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Barrett hearing reflects Supreme Court polarization; predicting US voter turnout

Jon Lieber, who leads Eurasia Group's coverage of political and policy developments in Washington, offers insights on the latest in US politics:

What has been most revealing to you about the Amy Coney Barrett hearing so far?

Well, what was interesting about them to me was how nakedly political they are. Normally, you have at least the pretense of probing the justice's judicial philosophy, trying to figure out where they stand relative on the political spectrum. But here, you know, the Republicans know they have a vote, so it's largely been cheerleading. And the Democrats have been running what looks like a political campaign, asking questions about the Affordable Care Act, bringing up constituent stories of people who are going to be affected should the Supreme Court knock it down in a way that just is really unusual for Supreme Court. I think that just reflects the polarization of the court and political polarization more generally.

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Why Trump won't debate Biden or make a decision on stimulus

Jon Lieber, Managing Director of the United States for the Eurasia Group, shares his insights on US politics this week:

Why wouldn't the president want to debate Joe Biden?

Well, I think the president does want to debate Joe Biden, but he wants to do it on his terms. He wants an in-person debate where he can try to dominate and overwhelm Biden and push him into having what looks like a senior moment, to help make the case that Joe Biden is too old to hold office. The Commission on Presidential Debates has offered a virtual debate where they can mute Trump's microphone and that's the format just doesn't really work for him. So, probably this debate is canceled. We'll see what happens with the third.

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DNC 2020 recap: Joe Biden's character & the 2020 presidential election

Watch as Eurasia Group's Jon Lieber offers a recap of the Democratic National Convention to nominate Joe Biden as the Democratic candidate for president:

All in all, a successful convention for the Democrats, four nights of pretty slick production values that drove home the message of Joe Biden's decency and the fact he is not Donald Trump. One interesting contrast between 2020 and 2016 was that the Democrats largely treated Donald Trump like a joke in 2016 and didn't seem to take very seriously. This year, they're treating him as though he's an existential threat to democracy with a really dark and ominous warning from former President Barack Obama.

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TikTok ban: warning from US to Chinese tech firms

Jon Lieber, Managing Director for the United States at the Eurasia Group, shares his perspective on US politics.

Where are US-China relations in this battle over TikTok and what is happening?

Well, this may seem like a minor deal. It's a video sharing app that the president has given 45 days to sell to a US entity or get banned in the United States. But along with WeChat, these are two of China's most successful technology companies that the US has now banned from entry into the United States and potentially banned from being used on operating systems that rely on US software inside China. So, this is a huge escalation in the geotech war between the United States and China. China for a long time has not allowed Google and Facebook and other American applications to be fully operative inside their borders. And now the US is stepping up against Chinese technology companies. The reason is that there's concerns among the US government about these tech, these apps data security practices. Members of the military, high ranking government officials aren't allowed to have these on their phones because there's concern about what China does with the data that they can harvest from those phones. This is a real warning sign to other Chinese technology companies that they may not be welcome inside the American market unless they can prove in some way, they are totally independent from the Chinese government and the Chinese military. Expect a lot of escalation in this area over the coming months and years.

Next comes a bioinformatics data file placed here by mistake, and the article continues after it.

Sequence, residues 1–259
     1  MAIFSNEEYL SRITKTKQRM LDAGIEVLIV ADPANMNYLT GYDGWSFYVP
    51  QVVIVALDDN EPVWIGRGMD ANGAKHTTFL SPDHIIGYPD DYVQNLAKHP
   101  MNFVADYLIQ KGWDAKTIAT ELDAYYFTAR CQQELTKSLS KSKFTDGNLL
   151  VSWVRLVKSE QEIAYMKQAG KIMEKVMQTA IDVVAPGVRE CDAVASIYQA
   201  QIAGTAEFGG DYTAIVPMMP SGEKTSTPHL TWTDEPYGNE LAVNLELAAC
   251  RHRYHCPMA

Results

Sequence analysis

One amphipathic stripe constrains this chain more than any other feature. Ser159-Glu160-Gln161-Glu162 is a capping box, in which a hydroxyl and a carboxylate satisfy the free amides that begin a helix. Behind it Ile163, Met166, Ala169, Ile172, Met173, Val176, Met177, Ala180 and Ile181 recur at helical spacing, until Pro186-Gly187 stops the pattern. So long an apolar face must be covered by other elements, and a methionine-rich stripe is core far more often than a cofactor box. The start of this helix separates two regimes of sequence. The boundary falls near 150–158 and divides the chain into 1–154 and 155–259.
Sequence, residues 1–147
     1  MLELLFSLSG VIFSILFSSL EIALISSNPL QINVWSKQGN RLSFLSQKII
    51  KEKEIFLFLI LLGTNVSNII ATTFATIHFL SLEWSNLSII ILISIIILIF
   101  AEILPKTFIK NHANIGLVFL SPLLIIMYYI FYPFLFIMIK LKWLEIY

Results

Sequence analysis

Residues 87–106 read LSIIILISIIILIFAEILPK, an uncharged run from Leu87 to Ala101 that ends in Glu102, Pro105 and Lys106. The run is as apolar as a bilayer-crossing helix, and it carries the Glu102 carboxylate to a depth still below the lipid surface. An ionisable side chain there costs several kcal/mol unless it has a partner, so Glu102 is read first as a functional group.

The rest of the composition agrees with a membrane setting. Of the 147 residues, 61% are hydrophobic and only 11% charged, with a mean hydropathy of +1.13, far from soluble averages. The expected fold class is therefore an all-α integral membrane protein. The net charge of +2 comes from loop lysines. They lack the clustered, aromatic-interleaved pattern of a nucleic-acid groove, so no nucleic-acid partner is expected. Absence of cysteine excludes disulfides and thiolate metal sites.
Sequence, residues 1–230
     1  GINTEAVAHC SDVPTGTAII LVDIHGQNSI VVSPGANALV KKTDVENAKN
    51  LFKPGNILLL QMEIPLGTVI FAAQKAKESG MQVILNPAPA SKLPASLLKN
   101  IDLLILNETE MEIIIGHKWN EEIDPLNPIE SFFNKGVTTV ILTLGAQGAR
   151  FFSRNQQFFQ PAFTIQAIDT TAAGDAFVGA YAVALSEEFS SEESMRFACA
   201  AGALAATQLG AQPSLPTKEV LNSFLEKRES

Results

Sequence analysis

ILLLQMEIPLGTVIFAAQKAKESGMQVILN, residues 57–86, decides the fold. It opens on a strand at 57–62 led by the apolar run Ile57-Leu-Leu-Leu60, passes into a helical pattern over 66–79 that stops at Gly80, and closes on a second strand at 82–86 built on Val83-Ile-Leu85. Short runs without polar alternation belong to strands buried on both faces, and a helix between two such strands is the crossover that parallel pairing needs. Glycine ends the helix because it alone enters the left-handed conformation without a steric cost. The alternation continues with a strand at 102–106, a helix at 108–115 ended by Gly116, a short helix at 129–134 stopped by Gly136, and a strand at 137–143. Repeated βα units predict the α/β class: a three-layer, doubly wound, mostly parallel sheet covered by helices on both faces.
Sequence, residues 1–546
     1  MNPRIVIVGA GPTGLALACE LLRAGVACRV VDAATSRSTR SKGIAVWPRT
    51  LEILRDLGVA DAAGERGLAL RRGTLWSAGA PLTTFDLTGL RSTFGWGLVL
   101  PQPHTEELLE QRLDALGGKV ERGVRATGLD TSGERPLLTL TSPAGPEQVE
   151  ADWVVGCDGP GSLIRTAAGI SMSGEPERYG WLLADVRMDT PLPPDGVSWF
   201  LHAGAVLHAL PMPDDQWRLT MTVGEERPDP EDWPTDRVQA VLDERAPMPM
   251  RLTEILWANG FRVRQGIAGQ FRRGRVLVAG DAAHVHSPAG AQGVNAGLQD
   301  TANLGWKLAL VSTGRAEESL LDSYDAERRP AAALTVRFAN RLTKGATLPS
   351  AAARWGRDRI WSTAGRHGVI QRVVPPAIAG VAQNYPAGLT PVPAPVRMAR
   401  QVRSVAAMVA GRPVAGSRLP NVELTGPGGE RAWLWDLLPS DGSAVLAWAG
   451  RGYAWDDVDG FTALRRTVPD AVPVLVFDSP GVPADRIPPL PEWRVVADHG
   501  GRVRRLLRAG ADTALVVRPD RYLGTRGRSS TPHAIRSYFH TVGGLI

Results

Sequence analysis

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US-China relations all-time low; federal troops in Portland; Biden's pick

Jon Lieber, managing director for the United States at Eurasia Group, provides his perspective on US Politics In 60 Seconds - this week from in front of the Emancipation Memorial in Lincoln Park in Washington, D.C., which is currently behind barricades because some protesters want to tear it down.

First question, with the tit for tat escalation of closing consulates between the US and China, are US-China relations at an all-time low?

Well, they're certainly not very good. And probably the most important marker was a really tough speech given by Secretary of State Mike Pompeo at the Nixon Center in California. Perhaps important for its symbolism, that this is an end of an era of engagement that began with President Nixon in 1969. You've got a lot of escalating factors. You've got these closing embassies, accusations of espionage by the Chinese, the potential banning of TikTok. And WeChat in the US. You've got the potential banning of Huawei. And, of course, you've got the ongoing trade war and sanctions. Now, the trade war may become less important as a factor, along with the other worsening parts of this relationship. The Chinese have retaliated so far proportionately. They don't want to be seen as the ones escalating this advance of a presidential election.

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